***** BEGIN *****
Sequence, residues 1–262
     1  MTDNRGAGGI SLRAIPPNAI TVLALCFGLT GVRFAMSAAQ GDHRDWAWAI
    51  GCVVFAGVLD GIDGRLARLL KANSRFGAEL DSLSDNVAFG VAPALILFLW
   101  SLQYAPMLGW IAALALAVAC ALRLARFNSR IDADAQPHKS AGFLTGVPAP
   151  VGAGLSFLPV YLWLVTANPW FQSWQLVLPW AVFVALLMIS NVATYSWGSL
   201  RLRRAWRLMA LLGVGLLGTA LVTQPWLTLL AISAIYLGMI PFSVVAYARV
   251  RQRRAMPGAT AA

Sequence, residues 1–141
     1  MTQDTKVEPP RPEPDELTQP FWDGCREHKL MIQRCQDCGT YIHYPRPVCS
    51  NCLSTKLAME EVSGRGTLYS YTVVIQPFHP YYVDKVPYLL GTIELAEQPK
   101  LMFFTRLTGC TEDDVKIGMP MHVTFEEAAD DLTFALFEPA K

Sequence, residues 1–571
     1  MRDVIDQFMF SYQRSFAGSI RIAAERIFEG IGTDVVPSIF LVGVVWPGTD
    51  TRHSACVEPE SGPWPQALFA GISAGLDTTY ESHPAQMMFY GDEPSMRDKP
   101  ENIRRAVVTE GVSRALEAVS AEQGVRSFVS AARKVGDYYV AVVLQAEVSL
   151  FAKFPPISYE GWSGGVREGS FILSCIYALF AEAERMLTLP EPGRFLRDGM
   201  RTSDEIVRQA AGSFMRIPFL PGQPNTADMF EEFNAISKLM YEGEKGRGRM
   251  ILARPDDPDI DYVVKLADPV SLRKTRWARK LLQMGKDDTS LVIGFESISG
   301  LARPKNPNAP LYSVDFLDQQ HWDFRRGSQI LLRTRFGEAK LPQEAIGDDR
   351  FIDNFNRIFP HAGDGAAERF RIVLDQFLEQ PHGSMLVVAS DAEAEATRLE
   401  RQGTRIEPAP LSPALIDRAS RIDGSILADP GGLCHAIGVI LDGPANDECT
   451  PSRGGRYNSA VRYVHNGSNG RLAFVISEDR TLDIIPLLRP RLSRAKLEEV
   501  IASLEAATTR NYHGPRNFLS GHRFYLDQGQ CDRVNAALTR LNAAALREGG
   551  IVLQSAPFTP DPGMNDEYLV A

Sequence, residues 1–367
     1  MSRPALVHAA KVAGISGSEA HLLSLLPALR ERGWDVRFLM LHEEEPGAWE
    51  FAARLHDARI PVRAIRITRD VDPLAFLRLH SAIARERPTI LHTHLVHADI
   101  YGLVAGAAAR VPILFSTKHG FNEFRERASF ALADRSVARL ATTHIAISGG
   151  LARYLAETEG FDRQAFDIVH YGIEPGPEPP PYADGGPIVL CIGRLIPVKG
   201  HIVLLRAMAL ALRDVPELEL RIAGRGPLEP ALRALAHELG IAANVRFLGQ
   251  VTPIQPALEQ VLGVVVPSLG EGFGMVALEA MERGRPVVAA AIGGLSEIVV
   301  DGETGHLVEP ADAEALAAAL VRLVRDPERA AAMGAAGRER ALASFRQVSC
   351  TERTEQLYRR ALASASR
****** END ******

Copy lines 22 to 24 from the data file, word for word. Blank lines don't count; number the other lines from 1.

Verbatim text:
   451  PSRGGRYNSA VRYVHNGSNG RLAFVISEDR TLDIIPLLRP RLSRAKLEEV
   501  IASLEAATTR NYHGPRNFLS GHRFYLDQGQ CDRVNAALTR LNAAALREGG
   551  IVLQSAPFTP DPGMNDEYLV A